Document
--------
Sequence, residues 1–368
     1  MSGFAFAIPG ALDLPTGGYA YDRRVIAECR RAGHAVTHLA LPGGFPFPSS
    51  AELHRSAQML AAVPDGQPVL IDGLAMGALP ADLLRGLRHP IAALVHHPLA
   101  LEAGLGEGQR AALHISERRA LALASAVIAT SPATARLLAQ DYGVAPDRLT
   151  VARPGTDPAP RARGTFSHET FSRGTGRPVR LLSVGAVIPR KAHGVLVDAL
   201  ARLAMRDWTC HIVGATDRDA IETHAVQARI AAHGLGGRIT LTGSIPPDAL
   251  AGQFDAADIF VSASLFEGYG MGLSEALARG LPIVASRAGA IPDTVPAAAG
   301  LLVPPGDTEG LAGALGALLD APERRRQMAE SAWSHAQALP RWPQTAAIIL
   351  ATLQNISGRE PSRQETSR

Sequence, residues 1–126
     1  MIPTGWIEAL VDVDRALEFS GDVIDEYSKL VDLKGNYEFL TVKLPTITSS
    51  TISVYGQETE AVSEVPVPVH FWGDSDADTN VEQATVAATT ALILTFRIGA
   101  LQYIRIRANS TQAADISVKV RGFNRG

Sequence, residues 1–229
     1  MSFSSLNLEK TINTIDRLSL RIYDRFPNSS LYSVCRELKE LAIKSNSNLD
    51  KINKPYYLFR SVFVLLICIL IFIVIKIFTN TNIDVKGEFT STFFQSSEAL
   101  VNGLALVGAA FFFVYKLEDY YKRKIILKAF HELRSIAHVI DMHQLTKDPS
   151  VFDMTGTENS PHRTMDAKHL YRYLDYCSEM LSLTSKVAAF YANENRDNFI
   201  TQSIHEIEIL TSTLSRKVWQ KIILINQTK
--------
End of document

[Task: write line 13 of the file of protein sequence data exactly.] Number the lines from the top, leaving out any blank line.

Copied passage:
   101  LQYIRIRANS TQAADISVKV RGFNRG